And when the Chiefs closed the gap to 16-8 at the end of the third quarter, Manning calmly and methodically engineered a 9-play drive that gave the Colts a more comfortable 23-8 lead that they never relinquished.

But Manning's Ghost of Playoffs Past, cornerback Ty Law, was a haunting presence as he made two interceptions which were clearly unsettling. It appeared for the first time in a very long time, Manning and wide receiver Marvin Harrison were out of sync. Usually executing in a manner that reeks of some bizarre telepathy, the duo clearly had their wires crossed Saturday night as Harrison twice cut away from where Manning threw the ball. With Law lagging behind Harrison, he was the beneficiary of the errant throws.

Law's first interception nearly allowed the Chiefs to pull ahead early in the game with the Colts leading by just six points. But a big hit by rookie linebacker Freddie Keiaho stopped Johnson short of a touchdown on a second-down run. On the next play, Green was toppled when one of his own linemen stepped on his foot. And then the unthinkable happened. Chiefs kicker Lawrence Tynes hit the left upright on a 23-yard field goal attempt. During the regular season, he made all eleven of his attempts inside of thirty yards.

Jarrad Page of the Chiefs returns an interception against the Colts (AP Photo/Tom Strattman)
Manning's third interception, an attempted touchdown pass to Aaron Moorehead, was the only one that appeared to be a moment of bad judgment by the Colts quarterback, simply trying to force a reception that just wasn't there. Jarrad Page made the interception for Kansas City.

A further touch of irony in this game was the performance of the Colts' special teams. During the season, both kicker Adam Vinatieri and punter Hunter Smith were the nearly flawless performers with Vinatieri even being forced to make tackles much too frequently on kickoff coverarage. But on Saturday night, they both committed key miscues while the coverage teams excelled.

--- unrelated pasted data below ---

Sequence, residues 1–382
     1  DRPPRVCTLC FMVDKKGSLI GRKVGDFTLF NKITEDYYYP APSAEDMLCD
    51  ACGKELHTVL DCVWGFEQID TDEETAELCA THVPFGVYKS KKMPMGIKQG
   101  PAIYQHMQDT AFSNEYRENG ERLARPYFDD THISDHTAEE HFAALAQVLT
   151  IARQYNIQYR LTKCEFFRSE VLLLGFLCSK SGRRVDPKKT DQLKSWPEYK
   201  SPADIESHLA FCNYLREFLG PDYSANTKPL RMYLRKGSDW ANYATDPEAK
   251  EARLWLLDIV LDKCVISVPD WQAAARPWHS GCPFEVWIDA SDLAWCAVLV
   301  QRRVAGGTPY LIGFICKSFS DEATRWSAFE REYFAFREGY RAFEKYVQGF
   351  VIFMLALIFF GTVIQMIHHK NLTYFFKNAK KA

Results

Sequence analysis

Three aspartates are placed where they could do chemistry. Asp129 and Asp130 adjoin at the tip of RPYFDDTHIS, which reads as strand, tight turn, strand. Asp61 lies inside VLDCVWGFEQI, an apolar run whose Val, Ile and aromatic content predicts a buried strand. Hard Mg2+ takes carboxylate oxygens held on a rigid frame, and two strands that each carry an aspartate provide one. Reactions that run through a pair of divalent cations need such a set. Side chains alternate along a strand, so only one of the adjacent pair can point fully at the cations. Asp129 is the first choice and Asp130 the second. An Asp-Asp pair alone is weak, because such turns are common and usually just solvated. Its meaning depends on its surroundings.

Vinatieri had one of his kickoffs bounce out of bounds, putting the Chiefs in business at their own 40-yard line. And they took advantage of that field position for their only touchdown of the game.

Then, with just over five minutes remaining in the game and the Colts leading by 15 points, Smith fumbled a punt opportunity, turning the ball over to the Chiefs at the Indy 37-yard line. But the defense came up with three sacks on the next five plays. And on the third one, as Robert Mathis and Bo Schobel converged on Trent Green, he fumbled the ball. Josh Thomas recovered for the Colts to end the threat.

Head coach Tony Dungy mentioned earlier in the week that he was going to insert some former special teams stars like defensive end Robert Mathis and safety Marlin Jackson back onto the coverage units. And the impact was noticeable. Mathis had both a tackle and an assist and the overall coverage and hitting was much better. Second-year linebacker Tyjuan Hagler's monstrous hit on Dante Hall's punt return attempt with less than four minutes to play added the proper punctuation mark to the coverage units' performance for the night.

With the win, the Colts will travel to Baltimore next weekend to take on the Ravens, who finished the regular season with a 13-3 record in the AFC divisional playoffs.